No household worker is illegal
More than 40,000 Sans-Papiers, the majority of them women, are struggling to make their living as domestic workers in Switzerland. They contribute a great deal to the functioning and prosperity of society and are a vital asset to those who can afford to delegate care work. Their employment situation is shaped by extremely precarious working conditions, the lack of social protection and permanent fear of deportation. This campaign departs from a broad coalition of organisations that seek to sustainably improve the situation of undocumented domestic workers, defending their rights to residency and work permits. Bea Schwager will tell us about the history and work of this campaign.
Saturday, 19th April 2014
3 – 6 p.m.
Care, feminist economics and crisis – a multiformat workshop
This workshop lays out different stakes and approaches relating to care and care work, pointing to possible new forms for action, organization and relation in this domain. On the one hand, we will explore ethical and practical perspectives on care through a series of games from the Theatre of the Oppressed and related methods. On the other hand, we will map out the economic and social dimensions of reproductive work (the labours that reproduce waged workers), and go into a feminist analysis of economics and power relations. This workshop (in German with translation) will bring together theoretical, playful-experimental, as well as practical elements and does not require any previous experience or knowledge of the subject. Facilitators: Käthe Knittler and Manuela Zechner.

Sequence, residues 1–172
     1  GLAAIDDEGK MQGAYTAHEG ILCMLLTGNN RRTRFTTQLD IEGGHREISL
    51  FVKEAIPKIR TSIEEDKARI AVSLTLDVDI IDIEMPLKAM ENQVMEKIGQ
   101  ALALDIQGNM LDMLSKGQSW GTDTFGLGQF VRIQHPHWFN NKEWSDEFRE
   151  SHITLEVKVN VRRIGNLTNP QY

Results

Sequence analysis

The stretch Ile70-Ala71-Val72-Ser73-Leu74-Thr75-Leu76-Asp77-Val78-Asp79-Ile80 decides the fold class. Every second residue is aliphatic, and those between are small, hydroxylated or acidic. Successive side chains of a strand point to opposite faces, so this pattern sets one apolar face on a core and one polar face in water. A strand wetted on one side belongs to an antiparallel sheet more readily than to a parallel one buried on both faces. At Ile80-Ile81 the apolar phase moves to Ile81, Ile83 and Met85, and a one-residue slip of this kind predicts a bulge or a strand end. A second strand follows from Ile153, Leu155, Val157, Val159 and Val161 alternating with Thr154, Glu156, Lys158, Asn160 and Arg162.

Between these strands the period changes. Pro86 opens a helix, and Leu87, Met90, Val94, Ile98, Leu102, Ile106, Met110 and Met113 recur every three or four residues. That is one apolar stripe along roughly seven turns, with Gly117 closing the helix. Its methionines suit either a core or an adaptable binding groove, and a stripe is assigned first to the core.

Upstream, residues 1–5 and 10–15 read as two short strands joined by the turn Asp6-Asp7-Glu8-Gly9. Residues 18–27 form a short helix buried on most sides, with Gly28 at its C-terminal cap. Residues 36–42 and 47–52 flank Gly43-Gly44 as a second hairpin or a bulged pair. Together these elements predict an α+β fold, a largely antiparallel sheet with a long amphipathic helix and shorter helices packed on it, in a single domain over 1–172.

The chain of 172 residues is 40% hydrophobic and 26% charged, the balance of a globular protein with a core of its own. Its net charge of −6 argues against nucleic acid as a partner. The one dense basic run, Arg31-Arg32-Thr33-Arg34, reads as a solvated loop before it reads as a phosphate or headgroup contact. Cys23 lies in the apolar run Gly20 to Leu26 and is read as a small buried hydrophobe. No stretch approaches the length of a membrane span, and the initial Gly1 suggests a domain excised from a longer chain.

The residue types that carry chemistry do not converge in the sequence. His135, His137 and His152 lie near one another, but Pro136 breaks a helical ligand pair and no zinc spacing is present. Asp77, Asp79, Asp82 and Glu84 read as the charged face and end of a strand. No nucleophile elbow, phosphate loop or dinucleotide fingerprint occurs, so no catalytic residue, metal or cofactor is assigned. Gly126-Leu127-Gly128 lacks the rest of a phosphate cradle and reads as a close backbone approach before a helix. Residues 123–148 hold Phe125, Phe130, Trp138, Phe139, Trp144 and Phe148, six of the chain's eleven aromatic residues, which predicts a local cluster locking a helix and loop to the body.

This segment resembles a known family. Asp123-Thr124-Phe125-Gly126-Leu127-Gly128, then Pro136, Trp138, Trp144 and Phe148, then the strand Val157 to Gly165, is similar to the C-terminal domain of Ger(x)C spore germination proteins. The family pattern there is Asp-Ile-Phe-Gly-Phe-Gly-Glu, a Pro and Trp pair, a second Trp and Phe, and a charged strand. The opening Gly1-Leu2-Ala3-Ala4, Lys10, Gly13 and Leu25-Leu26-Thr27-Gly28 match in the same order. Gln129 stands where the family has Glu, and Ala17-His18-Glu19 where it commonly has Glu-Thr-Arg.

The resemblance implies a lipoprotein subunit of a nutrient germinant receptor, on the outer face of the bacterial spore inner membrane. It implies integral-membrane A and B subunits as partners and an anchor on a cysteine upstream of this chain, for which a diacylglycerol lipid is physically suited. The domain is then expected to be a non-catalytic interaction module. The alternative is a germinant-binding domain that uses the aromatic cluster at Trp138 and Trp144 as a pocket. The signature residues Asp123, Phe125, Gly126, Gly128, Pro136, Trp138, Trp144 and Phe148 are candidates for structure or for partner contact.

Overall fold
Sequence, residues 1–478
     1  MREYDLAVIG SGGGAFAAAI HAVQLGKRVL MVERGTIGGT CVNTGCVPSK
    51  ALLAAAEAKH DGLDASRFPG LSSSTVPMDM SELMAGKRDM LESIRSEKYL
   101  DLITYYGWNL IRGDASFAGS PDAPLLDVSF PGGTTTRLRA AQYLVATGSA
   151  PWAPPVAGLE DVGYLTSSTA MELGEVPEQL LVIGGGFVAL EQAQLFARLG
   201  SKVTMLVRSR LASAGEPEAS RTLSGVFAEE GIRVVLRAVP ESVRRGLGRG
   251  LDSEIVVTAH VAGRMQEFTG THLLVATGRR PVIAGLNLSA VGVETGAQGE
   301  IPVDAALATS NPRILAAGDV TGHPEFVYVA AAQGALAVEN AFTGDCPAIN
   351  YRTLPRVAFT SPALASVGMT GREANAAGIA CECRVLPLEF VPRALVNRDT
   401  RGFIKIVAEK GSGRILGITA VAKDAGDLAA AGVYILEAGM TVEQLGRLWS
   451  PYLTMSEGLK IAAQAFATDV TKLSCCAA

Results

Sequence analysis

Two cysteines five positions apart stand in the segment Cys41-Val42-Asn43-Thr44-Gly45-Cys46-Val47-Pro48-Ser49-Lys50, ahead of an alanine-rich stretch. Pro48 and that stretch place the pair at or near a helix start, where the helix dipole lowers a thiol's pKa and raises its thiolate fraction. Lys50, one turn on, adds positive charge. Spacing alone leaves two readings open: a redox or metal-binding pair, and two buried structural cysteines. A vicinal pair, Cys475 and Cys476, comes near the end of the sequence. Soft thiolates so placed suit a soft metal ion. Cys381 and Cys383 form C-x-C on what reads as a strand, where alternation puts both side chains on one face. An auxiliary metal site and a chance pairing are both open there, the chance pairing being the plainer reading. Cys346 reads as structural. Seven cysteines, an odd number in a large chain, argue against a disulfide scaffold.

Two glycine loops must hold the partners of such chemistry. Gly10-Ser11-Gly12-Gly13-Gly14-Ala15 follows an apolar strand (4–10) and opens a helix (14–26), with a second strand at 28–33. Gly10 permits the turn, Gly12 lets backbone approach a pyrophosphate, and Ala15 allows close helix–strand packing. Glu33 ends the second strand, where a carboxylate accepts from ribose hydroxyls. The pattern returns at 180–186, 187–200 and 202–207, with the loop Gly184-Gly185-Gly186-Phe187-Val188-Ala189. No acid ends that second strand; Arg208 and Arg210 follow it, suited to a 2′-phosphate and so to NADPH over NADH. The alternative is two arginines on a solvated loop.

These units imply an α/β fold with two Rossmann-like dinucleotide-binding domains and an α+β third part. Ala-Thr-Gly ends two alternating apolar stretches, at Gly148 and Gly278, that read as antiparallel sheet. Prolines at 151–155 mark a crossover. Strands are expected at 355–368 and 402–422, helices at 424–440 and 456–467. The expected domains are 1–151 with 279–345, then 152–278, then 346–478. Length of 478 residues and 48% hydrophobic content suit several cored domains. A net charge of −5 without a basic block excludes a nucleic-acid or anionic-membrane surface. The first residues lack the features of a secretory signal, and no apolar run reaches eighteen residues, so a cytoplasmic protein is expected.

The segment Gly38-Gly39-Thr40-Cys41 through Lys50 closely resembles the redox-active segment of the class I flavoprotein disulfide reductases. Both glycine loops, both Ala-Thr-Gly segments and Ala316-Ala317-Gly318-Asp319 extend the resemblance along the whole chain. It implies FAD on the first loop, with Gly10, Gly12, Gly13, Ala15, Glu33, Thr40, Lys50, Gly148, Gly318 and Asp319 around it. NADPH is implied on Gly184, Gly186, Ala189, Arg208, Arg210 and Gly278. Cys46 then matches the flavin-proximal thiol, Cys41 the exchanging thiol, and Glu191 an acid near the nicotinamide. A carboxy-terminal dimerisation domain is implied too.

6 – 7 p.m.
GUESTures - Presentation and workshop
Margareta Kern will present her project “GUESTures,” which is based on research done by the artist on the mass migration of workers from socialist Yugoslavia to West Germany in the late 1960s. The title is a reference to the German term “guest worker” (in the masculine form). In fact, however, it was a great number of young women, who were often completely on their own and not much older than eighteen or nineteen, who left Yugoslavia to work temporarily abroad. There, they were subjected to extensive health checks in an effort to recruit only “healthy” workers. Along with a reflection on this history, “GUESTures” deals with corresponding contemporary contexts of precarious work, work carried out by migrants, and draws out historical, gendered, and performative aspects.
In the context of a lecture and workshop (in English with translation), Margareta Kern will disclose various elements of the project, such as a video reenactment of an interview with Elena, currently a care worker in Italy, who originally migrated from Moldova to Croatia. Afterwards, there will be a screening of the GUESTures video (HD Video, 33 min., Croatian with English subtitles, 2011)